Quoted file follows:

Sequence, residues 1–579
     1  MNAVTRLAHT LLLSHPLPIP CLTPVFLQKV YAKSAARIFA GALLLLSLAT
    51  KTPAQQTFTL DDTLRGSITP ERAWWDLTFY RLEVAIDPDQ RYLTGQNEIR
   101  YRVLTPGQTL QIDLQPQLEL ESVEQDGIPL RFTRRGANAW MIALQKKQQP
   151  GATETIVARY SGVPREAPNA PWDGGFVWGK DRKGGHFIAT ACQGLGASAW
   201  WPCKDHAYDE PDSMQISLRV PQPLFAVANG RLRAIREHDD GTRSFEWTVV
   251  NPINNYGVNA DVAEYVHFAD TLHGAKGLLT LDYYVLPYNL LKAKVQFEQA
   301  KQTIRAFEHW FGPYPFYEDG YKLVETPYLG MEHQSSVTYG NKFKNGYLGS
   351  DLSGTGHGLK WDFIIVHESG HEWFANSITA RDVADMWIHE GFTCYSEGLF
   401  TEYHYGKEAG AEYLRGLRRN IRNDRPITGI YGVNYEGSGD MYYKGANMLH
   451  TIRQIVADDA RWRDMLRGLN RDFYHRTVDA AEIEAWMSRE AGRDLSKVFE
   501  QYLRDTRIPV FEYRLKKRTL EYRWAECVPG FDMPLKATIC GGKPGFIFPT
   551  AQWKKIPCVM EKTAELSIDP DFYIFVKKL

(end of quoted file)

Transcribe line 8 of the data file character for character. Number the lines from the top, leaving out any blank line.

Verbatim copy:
   301  KQTIRAFEHW FGPYPFYEDG YKLVETPYLG MEHQSSVTYG NKFKNGYLGS